We’ve recently launched a new campaign to take on Big Tech companies and their vast power over our democratic processes. One of our first campaign goals is to ban online political ads from being shown to small groups of people, a practice known as micro-targeting.

We believe that targeting online political ads to small groups of people harms democracy. It means that we generally only see ads that we agree with, helping advertisers play into our fears and vulnerabilities and creating echo chambers which are making us more and more polarised and even, in rare cases, radicalised. It allows political parties to say different, possibly contradictory things to different people, relies on highly intrusive gathering of data about our personal lives, and makes it extremely difficult for political parties to counter the other side’s arguments, something that’s essential for a healthy democracy. 

It’s not just us who thinks this: two-thirds of social media users in key US swing states do too. Last month, we commissioned YouGov to poll 1,500 voters in the battleground states of Ohio, Pennsylvania and Wisconsin. They found that 68% of people think online advertisers should ensure that political ads are viewable by everyone. This held true across political parties, with 70% of people who voted for Hillary Clinton in the 2016 presidential election and 66% of those who voted for Trump agreeing that political ads should be able to be seen by everyone. People were also deeply uncomfortable with advertisers being able to target using personal characteristics such as income, sexuality and race. This data suggests that American voters across the board would support a ban on micro-targeted online political ads.

We know that targeted advertising is big business in the US. Recently the Republican National Committee proudly told a Washington Post reporter that it now has more than 3,000 data points on every voter.

So we wondered how the Trump and Biden campaigns had been targeting their ads on Facebook during the 2020 presidential election. Do they predominantly target ads to a wide group of people or to lots of narrow groups of people?

We set about looking at this by analysing recent data from the Facebook Ad Library, a searchable repository of ads on Facebook and Instagram. The Ad Library has a huge weakness in that it doesn’t include any information on how ads were targeted. It does, however, include some information on the numbers of people who have seen an ad, which is what we have used in our analysis. Here’s what we found.  

For ads that were active at some point between 1-27 October 2020, the Trump and Biden campaigns spent roughly the same amount of money ($35m each), yet the Trump campaign had more than twice as many ads as Biden [1].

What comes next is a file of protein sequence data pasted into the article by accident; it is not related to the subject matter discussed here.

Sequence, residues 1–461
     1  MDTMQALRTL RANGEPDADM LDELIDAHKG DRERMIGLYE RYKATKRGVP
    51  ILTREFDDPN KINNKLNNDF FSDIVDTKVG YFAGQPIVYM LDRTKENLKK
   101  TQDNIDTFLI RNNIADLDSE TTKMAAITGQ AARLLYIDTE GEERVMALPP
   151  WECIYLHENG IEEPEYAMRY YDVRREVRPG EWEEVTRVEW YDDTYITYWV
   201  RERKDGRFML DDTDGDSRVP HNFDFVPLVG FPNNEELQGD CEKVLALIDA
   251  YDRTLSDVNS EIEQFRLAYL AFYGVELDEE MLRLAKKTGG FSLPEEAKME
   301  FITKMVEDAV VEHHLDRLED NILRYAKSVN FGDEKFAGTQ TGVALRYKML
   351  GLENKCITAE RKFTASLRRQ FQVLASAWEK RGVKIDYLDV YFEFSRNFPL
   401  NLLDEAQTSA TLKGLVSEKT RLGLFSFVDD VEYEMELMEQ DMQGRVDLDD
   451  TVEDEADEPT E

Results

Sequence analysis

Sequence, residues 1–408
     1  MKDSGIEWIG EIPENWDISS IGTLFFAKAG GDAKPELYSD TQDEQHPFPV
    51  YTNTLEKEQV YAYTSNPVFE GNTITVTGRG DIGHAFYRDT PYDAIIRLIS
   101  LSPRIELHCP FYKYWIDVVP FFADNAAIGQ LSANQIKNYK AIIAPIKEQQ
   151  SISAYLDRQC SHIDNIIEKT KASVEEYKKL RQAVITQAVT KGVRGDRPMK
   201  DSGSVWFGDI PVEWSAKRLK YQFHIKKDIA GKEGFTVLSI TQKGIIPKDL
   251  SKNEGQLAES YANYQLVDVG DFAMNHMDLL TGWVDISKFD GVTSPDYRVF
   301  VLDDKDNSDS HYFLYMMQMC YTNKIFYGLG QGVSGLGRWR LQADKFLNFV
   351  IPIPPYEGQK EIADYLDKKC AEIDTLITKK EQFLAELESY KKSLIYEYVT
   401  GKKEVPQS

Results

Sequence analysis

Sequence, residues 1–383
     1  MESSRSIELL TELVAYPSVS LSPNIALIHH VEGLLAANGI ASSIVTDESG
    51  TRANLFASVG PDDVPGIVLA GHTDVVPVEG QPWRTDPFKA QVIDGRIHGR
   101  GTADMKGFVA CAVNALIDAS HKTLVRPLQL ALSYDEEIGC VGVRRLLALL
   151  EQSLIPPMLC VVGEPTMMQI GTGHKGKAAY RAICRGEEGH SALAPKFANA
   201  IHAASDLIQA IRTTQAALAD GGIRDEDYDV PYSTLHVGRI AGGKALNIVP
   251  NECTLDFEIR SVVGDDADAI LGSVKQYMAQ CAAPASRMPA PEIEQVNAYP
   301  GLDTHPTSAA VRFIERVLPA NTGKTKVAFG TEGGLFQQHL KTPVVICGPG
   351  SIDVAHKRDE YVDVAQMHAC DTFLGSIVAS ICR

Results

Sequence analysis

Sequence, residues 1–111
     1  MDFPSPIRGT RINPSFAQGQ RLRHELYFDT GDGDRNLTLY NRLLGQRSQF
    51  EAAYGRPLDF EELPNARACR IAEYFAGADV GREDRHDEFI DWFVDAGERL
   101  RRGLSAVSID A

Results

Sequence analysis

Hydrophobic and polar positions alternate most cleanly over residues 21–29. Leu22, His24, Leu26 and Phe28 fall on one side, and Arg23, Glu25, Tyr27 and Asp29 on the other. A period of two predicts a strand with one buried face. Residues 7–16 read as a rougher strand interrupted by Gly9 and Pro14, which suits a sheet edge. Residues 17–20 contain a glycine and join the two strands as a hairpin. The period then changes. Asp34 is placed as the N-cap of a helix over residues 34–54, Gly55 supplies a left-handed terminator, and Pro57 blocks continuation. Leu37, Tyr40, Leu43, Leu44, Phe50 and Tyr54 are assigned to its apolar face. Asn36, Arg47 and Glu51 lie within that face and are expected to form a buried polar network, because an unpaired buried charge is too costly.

We looked at how many times ads by the Trump and Biden campaigns were shown to people on Facebook. We found that:

  • There were more than twice as many ads by the Trump campaign than the Biden campaign that were seen by less than a thousand people (suggesting micro-targeting to a select demographic of people)

  • There were more than twice as many ads by the Biden campaign than the Trump campaign that were seen by more than a million people

Graph comparing Trump and Biden campaign Facebook ads.png

These findings don’t just hold true at the extreme ends of the graph - for ads that were seen less than a thousand times or more than a million times. They also show a clear pattern in between: the fewer people who saw a political ad on Facebook, the more likely it is that the ad was from the Trump campaign. Conversely, the wider the group of people who saw the ad, the more likely it is that the ad was from the Biden campaign.

In other words, it looks like while both presidential campaigns have targeted Facebook ads to small groups of people, the Trump campaign has done so more than twice as often. Given the threats to democratic and open debate that narrowly cast ads pose, we’re calling on governments to pass legislation banning micro-targeting for political ads.

This is not just about Facebook - we need enforceable rules that apply to all platforms.  Leaving Big Tech companies to voluntarily regulate themselves is not good enough - by doing that, we are allowing important decisions about our democracies to be set by a tiny number of people in boardrooms, creating a patchwork of policies that can easily be reversed. What’s needed is a level playing field across all platforms, with regulatory oversight and penalties for breaching the law.

[1] For ads active at some point between 1 October and 7 am UTC on 27 October 2020, the total spend on Facebook adverts by the Trump campaign (ads that were paid for by Donald J. Trump for President, Inc. and Trump Make America Great Again Committee) was $34.6 million. The total spend on Facebook adverts by the Biden campaign (ads that were paid for by Biden for President and Biden Victory Fund) was $35.1 million. Facebook provides data on the amount spent on an ad as a range; we calculated these figures using the midpoint which means that these figures are an estimate. Over the same time period, looking at ads paid for by the same accounts, the Trump campaign had 134,779 ads on Facebook whereas the Biden campaign had 62,131 ads.

Digital Investigations